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shellebelle216
12-27-2006, 11:23 AM
Good morning everyone! I am starting a little early (my DD is 4 1/2 months) but I am researching homeschooling and have some questions and want some advice. First, what are some good websites for info? I am a pretty smart person, but there are subjects I am horrible at (math ewwww). What do I do about teaching math? In general what sort of advice do you have on homeschooling?
Thanks a bunch:)

Shell

psammeadred
12-27-2006, 11:56 AM
Hey shellebelle! I was homeschooled from 3rd grade through high school. In most states, there are homeschool co-op classes where kids get together and are taught math, science, English, choir, drama, etc. by either a parent with expertise in that area or an outside teacher. I took Chemistry, Biology, Anatomy & Physiology, several history classes, drama, and choir through these classes.

For earlier levels, most homeschool curriculum suppliers have teachers' guides with hints about how to teach different topics.

For legal issues, try the Home School Legal Defense Association (www.hslda.org). The Wikipedia (http://en.wikipedia.org/wiki/Homeschooling) article on homeschooling has some good links at the bottom of the page.

I hope this helps! Feel free to PM me if you have any other questions. (I'm not sure how well I can answer them, but I'll certainly try!)

cookworm
12-27-2006, 01:14 PM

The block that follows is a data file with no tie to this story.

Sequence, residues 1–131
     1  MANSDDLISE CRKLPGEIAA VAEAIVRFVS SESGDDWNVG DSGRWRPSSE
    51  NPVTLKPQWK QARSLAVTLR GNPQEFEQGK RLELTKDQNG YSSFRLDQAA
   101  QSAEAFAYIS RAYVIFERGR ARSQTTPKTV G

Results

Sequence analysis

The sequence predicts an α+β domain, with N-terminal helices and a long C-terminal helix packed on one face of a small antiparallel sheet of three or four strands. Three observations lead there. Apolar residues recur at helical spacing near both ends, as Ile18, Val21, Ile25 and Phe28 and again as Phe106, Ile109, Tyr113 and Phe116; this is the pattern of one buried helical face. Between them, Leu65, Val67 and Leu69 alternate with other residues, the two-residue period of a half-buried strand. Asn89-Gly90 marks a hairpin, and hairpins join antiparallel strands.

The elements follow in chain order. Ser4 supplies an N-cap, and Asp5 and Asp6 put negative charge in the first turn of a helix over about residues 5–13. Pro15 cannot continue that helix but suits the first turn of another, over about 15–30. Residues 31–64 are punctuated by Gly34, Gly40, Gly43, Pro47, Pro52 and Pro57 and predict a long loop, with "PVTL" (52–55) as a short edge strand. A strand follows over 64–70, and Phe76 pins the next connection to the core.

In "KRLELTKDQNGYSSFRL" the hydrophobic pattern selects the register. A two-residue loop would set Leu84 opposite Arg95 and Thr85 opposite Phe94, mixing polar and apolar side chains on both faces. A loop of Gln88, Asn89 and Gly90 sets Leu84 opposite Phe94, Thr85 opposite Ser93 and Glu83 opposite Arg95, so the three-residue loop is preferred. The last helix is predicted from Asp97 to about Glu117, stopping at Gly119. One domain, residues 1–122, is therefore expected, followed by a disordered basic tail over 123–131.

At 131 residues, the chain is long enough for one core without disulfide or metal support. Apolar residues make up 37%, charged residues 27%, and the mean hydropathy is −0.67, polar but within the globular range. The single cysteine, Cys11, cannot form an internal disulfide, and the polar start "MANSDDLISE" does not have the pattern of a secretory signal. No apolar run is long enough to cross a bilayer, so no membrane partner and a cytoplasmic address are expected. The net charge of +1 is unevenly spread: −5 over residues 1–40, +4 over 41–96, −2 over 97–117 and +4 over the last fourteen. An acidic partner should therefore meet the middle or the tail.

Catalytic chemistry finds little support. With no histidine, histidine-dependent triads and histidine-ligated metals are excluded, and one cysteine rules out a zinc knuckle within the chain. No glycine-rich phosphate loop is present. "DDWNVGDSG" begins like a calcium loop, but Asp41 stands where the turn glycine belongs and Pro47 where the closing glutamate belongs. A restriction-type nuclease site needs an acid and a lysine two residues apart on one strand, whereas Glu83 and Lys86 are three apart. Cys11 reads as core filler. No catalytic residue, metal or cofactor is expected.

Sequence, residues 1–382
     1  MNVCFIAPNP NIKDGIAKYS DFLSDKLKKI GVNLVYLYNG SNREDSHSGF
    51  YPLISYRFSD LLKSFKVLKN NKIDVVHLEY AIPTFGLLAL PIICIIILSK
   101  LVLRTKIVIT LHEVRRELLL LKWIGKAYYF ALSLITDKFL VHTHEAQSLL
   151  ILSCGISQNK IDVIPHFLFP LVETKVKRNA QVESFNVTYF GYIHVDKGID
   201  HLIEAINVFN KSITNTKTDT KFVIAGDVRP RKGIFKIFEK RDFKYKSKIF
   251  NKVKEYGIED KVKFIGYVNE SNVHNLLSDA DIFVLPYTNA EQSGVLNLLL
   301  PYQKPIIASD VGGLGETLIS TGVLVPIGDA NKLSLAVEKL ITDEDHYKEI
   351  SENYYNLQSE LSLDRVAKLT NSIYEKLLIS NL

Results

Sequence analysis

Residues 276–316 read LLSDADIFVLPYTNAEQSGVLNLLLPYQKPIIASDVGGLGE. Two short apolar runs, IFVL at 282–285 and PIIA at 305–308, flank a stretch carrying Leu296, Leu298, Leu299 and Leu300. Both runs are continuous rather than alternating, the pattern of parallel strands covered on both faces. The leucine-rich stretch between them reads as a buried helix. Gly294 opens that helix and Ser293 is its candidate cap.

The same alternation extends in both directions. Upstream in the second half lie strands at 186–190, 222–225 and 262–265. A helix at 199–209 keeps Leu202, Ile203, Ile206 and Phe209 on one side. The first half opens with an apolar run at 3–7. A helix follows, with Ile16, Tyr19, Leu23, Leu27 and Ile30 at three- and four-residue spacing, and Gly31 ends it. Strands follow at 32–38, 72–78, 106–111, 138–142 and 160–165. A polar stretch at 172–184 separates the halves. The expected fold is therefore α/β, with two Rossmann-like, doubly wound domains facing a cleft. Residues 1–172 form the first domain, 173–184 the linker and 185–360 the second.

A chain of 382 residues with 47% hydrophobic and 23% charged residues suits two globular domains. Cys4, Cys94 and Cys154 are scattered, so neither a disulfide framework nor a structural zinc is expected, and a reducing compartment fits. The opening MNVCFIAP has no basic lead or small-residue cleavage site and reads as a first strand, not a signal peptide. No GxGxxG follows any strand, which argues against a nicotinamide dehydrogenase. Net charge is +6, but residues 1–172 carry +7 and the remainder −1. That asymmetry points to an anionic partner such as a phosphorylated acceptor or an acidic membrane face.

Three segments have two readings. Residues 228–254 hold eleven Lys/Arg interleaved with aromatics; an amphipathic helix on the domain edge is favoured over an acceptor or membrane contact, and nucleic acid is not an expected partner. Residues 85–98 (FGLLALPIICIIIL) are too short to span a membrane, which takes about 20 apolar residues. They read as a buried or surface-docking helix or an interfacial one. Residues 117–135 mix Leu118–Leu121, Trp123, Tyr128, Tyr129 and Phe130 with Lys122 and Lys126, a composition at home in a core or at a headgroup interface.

Hi Shell! That's great news!!! I don't think it's ever too early to start thinking about homeschooling...it's a pretty big undertaking. I was very interested in homeschooling our children, but was unable to convince my husband to go along with it. But I collected some helpful books in my enthusiasm, and maybe they might help to recommend them to you? There might be books you even have available through the local library so you don't have to buy them. :shrug: I had talked to some homeschooling parents on line a while back and they said that they used their libraries a lot for curriculum instead of buying a lot to save on cost. The E.D. Hirsch books ("What Your ____ Grader Needs to Know") are pretty helpful. They run from kindergarten through sixth grade; I think they average about $13 a piece, but Amazon has used ones for cheaper, too.

Kindergarten (http://www.amazon.com/What-Your-Kindergartner-Needs-Know/dp/0385318413/sr=11-1/qid=1167238966/ref=sr_11_1/102-0235452-5057729)
First Grader (http://www.amazon.com/What-Your-First-Grader-Needs/dp/0385319878/ref=pd_sim_b_1/102-0235452-5057729)
Second Grader (http://www.amazon.com/What-Your-Second-Grader-Needs/dp/038531843X/ref=pd_sim_b_1/102-0235452-5057729)
Third Grader (http://www.amazon.com/What-Third-Grader-Needs-Revised/dp/0385336268/ref=pd_sim_b_2/102-0235452-5057729)
Fourth Grader (http://www.amazon.com/What-Your-Fourth-Grader-Needs/dp/B0001HYMBA/ref=pd_sim_b_2/102-0235452-5057729)
Fifth Grader (http://www.amazon.com/What-Your-Fifth-Grader-Needs/dp/0385314647/ref=pd_sim_b_4/102-0235452-5057729)
Sixth Grader (http://www.amazon.com/What-Your-Sixth-Grader-Needs/dp/0385314671/ref=pd_sim_b_1/102-0235452-5057729)

This book might be helpful, too: Homeschooling on a Shoestring (http://www.amazon.com/Homeschooling-Shoestring-Jam-packed-Melissa-Morgan/dp/087788546X/sr=1-1/qid=1167239372/ref=pd_bbs_sr_1/102-0235452-5057729?ie=UTF8&s=books).

Good luck to you! :heart:

itsbecca1979
12-27-2006, 01:34 PM